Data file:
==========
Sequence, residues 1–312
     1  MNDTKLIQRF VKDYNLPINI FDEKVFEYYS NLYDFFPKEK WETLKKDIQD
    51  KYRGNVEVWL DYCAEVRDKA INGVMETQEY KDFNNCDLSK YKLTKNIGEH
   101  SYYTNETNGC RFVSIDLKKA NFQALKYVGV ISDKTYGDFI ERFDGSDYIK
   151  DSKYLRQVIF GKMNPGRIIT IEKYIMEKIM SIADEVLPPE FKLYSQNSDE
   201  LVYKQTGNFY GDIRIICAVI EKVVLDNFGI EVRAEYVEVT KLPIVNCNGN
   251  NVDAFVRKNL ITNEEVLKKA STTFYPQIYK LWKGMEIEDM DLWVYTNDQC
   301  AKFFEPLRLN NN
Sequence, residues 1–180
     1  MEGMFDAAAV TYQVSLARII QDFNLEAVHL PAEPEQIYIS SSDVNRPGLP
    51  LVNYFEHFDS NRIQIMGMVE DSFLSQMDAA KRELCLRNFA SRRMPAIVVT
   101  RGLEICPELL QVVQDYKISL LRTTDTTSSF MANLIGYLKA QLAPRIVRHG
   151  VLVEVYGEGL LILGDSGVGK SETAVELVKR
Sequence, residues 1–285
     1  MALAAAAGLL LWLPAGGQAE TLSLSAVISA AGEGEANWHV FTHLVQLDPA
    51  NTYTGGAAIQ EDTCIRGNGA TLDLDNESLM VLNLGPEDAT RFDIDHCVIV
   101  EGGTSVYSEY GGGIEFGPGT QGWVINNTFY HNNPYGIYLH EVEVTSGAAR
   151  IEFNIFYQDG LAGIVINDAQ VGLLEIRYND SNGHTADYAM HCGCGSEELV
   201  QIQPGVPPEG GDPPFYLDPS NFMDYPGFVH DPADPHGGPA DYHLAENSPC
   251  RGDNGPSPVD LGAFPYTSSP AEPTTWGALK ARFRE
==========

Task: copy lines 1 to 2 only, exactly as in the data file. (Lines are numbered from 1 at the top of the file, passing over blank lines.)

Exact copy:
Sequence, residues 1–312
     1  MNDTKLIQRF VKDYNLPINI FDEKVFEYYS NLYDFFPKEK WETLKKDIQD